Let’s hope cooler heads prevail by the end. In the meantime, the king is back, just as if he never left. And this time there’s no asterisks on the mastery we just witnessed.

2. Man, Valentina Shevchenko is really going to be replaying that missed spinning back kick in her mind for the rest of her life, huh? Weidman-esque, it was.

Not since UFC 194 has a division been flipped upside-down in such a seismic manner because of an ill-advised fourth-round spinning strike. But that’s how these things go — one mistake and suddenly one of the greatest eras in women’s MMA history ends with a two-tone PSA on the importance of protecting your skin from the horrors of the sun.

Let’s be clear upfront: Grasso-Shevchenko isn’t Pena-Nunes 1. The latter was as close as you can get to a fluke in high-level MMA. But the former? No, Alexa Grasso won the stand-up war and forced Shevchenko to resort to her wrestling, then seized upon her opportunity the moment it availed itself, leaving zero doubt about the rightful UFC flyweight champ.

Mexico suddenly has two-and-a-half UFC titleholders (depending on how you view Yair Rodriguez’s belt), and the prospect of holding a Mexico City event featuring two (or all two-and-a-half) of them should’ve rocketed straight to the top of the UFC’s to-do list. We already had a moment like this for something special with UFC Africa and watched it get bungled. These windows don’t come around often and certainly don’t last forever. If the UFC lets this chance come and go in similar fashion without capitalizing, it’ll be unforgivable promotional malpractice. A layup just fell into your laps, guys. Don’t mess this up.

But the Shevchenko era is also suddenly in the past tense, which is still a bit bizarre to consider.

In retrospect, the signs were there. We spoke about it on our UFC 285 preview show, but Shevchenko’s otherworldly dominance over the years allowed her otherworldly longevity to go largely unnoticed. How long do you think she’s been doing this? However long you answered, you probably undershot it. Shevchenko is on Year 20 of her MMA career. Yes, she made her professional debut in 2003. Here’s a brief list of women whose pro MMA debuts came after hers, all of whom are retired and considered legitimate pioneers: Roxanne Modafferi, Shayna Baszler, Julie Kedzie, Sarah Kaufman, and Jessica Aguilar.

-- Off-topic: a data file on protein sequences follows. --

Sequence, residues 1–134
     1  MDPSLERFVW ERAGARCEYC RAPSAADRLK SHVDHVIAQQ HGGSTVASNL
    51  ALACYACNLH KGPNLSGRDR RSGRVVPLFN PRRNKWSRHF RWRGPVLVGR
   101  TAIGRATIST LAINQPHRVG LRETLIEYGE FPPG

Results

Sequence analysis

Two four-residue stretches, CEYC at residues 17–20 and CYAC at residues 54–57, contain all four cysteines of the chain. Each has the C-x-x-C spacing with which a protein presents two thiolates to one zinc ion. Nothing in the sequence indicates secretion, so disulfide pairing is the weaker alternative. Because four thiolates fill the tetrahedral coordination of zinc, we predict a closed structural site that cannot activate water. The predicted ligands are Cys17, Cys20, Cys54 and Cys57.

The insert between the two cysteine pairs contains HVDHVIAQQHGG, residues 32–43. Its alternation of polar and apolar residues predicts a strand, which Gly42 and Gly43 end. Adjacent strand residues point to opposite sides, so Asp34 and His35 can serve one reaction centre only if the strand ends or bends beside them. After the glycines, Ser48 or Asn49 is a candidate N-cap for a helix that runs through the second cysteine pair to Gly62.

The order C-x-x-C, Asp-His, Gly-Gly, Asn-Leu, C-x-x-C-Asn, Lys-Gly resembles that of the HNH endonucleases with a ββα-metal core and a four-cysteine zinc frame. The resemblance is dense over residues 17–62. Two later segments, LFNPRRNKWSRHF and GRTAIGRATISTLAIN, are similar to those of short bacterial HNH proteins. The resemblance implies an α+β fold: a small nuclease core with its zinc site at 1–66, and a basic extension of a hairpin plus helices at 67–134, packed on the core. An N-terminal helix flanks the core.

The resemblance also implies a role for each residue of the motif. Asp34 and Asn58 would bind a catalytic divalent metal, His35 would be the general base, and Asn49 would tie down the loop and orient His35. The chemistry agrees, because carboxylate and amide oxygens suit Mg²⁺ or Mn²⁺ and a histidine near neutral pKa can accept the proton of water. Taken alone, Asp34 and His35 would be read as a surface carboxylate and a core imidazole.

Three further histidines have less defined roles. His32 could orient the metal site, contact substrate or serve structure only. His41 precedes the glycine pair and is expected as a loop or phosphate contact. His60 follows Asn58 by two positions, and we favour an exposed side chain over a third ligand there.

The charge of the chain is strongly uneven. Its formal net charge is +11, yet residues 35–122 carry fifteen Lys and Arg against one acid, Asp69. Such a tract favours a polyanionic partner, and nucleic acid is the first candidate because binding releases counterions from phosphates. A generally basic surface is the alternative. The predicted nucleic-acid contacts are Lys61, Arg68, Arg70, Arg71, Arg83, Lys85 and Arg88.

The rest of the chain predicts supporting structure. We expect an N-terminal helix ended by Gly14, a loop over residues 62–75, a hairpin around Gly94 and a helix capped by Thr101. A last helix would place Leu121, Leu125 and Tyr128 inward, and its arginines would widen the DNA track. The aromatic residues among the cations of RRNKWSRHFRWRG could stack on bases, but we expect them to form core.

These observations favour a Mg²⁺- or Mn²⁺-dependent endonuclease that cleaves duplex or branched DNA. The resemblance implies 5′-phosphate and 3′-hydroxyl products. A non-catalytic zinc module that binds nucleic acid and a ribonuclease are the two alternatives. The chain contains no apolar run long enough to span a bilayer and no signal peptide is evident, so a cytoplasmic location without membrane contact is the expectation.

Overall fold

Shevchenko’s career started just a few years after Fedor’s, for God’s sake.

We’ve seen it time and time again — the hardest thing to do in MMA is defend your title ad nauseam, and Shevchenko did it seven consecutive times. The end comes for everyone eventually, and any cracks we saw in her once-invincible armor against Taila Santos suddenly feel like much less of an aberration or an off night. She may only be 34 years old, but after two decades, Shevchenko is sneaky old in fight years. I won’t be surprised if the rematch goes the same way and we’ve watched a changing of the guard for good.

If so, take nothing away from “Bullet.” Her career is an almost impossible feat. To be at this for 20 years and still kicking the highest levels of ass? Truly, she is a one of one.

No, the biggest loser in this whole affair, really, is Erin Blanchfield, who suddenly went from a guaranteed title fight to the odd woman out of the eventual Grasso-Shevchenko rematch. There’s no way Blanchfield watched Saturday’s co-main without feeling as if she could’ve replicated the history-making upset Grasso just pulled off. Blanchfield will get her chance (and no doubt, she’s still a future UFC flyweight champ), but she’ll likely be forced to defend her No. 1 contender position at least once now while this saga plays out.

The MMA gods can be cruel indeed.

3. What else even needs to be said about Shavkat Rakhmonov?? The man just Jones-Machida’d Geoff Neal! That was ridiculous. He *IS* violence. There’s a good chance his impromptu walk-off choke of Neal is going to be the most cold-blooded finish of 2023.

If you’re a season tickets holder to the Shavkat hype train, Saturday was exactly what you wanted to see. Faced with his version of Chimaev vs. Burns — the incandescent prospect who finally gets thrown to the wolves and is forced to learn whether he can sink or swim — Rakhmonov shined. It’s a general rule of thumb in MMA that you can’t be the hammer forever. Climb high enough up the ladder and eventually someone is going to push you. UFC 285 was that moment for Rakhmonov. He was tested and pushed in the ways he needed to be pushed, and sure, maybe his striking defense is a little alarming, but his chin is officially terrifying, and there’s no doubt in my mind where all of this is heading.